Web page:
According to the researchers, the passengers had begun their journeys from five different countries before a layover in Dubai, and pre-departure test results were negative for five of the travellers.
Despite diagnostic testing of passengers before the departure of international flights, instances of in-flight transmission of the novel coronavirus are likely, says a study that assessed people who travelled aboard a plane from Dubai to New Zealand. The research, published in the journal Emerging Infectious Diseases, assessed 86 passengers who travelled on a flight from Dubai, United Arab Emirates, that arrived in New Zealand on September 29, and found that seven were positive for the infection.
In the study, the scientists, including those from the University of Otago in New Zealand, assessed information about the journeys of the passengers, their disease progression, and virus genomic data to determine the potential source of infection of these travellers. According to the researchers, the passengers had begun their journeys from five different countries before a layover in Dubai, and pre-departure test results were negative for five of the travellers.
They said during the flight, and before departure in Dubai airport, mask use was not mandatory — with five passengers self-reporting that they used masks and gloves while on the airplane, and two reporting that they did not. The study noted that the seven passengers had been seated within four rows of each other during the nearly 18-hour flight from Dubai to Auckland. “None of the passengers reported having been in close contact at the Dubai airport,” the scientists wrote in the study.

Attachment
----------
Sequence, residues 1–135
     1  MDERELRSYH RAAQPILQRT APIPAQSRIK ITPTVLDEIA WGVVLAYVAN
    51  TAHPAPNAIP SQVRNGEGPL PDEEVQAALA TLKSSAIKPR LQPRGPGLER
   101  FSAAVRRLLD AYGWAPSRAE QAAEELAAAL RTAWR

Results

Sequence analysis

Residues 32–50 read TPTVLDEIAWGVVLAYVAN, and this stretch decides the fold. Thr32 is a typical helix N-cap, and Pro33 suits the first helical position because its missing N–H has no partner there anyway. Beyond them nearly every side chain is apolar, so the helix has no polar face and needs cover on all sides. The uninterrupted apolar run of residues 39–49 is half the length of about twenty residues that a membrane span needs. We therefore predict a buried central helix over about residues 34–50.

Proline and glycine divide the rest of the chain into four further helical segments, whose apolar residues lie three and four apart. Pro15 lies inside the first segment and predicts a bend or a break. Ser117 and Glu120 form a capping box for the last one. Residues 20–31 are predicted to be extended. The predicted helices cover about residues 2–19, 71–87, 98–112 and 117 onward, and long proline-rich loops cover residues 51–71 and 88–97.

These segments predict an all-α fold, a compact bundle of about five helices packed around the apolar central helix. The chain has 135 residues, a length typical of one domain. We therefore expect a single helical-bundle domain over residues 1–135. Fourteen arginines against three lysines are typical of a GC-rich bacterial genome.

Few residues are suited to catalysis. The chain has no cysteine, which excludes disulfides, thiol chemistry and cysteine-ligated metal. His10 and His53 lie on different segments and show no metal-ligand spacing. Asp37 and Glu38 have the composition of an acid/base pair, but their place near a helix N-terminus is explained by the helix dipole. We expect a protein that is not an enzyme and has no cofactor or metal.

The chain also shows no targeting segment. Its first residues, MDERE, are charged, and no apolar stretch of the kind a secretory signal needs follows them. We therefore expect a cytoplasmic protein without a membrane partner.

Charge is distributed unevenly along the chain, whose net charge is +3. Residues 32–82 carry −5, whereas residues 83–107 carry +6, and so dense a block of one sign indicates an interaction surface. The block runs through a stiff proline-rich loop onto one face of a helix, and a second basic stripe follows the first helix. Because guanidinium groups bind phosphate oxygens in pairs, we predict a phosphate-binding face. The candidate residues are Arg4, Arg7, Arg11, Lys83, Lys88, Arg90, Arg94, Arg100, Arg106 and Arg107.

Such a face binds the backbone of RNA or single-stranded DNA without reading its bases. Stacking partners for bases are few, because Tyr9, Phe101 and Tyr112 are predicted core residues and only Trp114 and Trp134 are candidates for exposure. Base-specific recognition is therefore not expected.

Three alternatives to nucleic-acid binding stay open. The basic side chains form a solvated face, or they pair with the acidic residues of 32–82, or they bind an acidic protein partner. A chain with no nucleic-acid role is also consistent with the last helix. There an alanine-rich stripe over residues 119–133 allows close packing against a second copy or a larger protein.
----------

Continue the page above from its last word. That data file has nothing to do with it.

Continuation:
All 86 passengers on the flight underwent mandatory managed isolation and quarantine (MIQ) for 14 days and diagnostic testing for the coronavirus on day three, and again on day 12 if the previous test result was negative, the study noted. The scientists also determined the lineage of the viral genomes obtained from the seven passengers.
According to the researchers, one of the passengers, who was the first among the seven to experience symptoms on October 1 was “consistent with having been infectious while on flight”, and the second person to experience symptoms was this person’s travel companion. They said the third individual to test positive was asymptomatic, while symptom onset and positive test result dates for three other passengers were “consistent with in-flight transmission.”
Based on the date of symptom onset, the researchers believe one of the seven passengers may have been infected during their stay with an infected passenger at the MIQ facility, where they resided in the same room. “Evidence of in-flight transmission on a flight from the United Arab Emirates to New Zealand is strongly supported by the epidemiologic data, in-flight seating plan, symptom onset dates, and genomic data for this group of travelers who tested positive for SARS-CoV-2,” the scientists wrote in the study.
The researchers believe the findings present a likely scenario of SARS-CoV-2 transmission events during a long-haul flight.
“These transmission events occurred despite reported in-flight use of masks and gloves,” they noted. Citing the limitations of the study, the scientists said the data does not definitively exclude an alternative exposure event, “such as virus transmission at the Dubai airport before boarding.” “However, the close proximity of the relevant passengers on board suggests that in-flight transmission is plausible,” they wrote in the study.
The study also noted that the environmental control system (ECS) of the flight, which provides air supply, thermal control, and cabin pressurisation for the crew and passengers was inoperative for nearly 30 minutes during its two-hour refuelling stop in Kuala Lumpur, Malaysia.
Even with pre-departure testing, social distancing, and personal protective equipment used in-flight, the scientists believe the findings underscore the importance of considering all international air travellers as being potentially infected with the coronavirus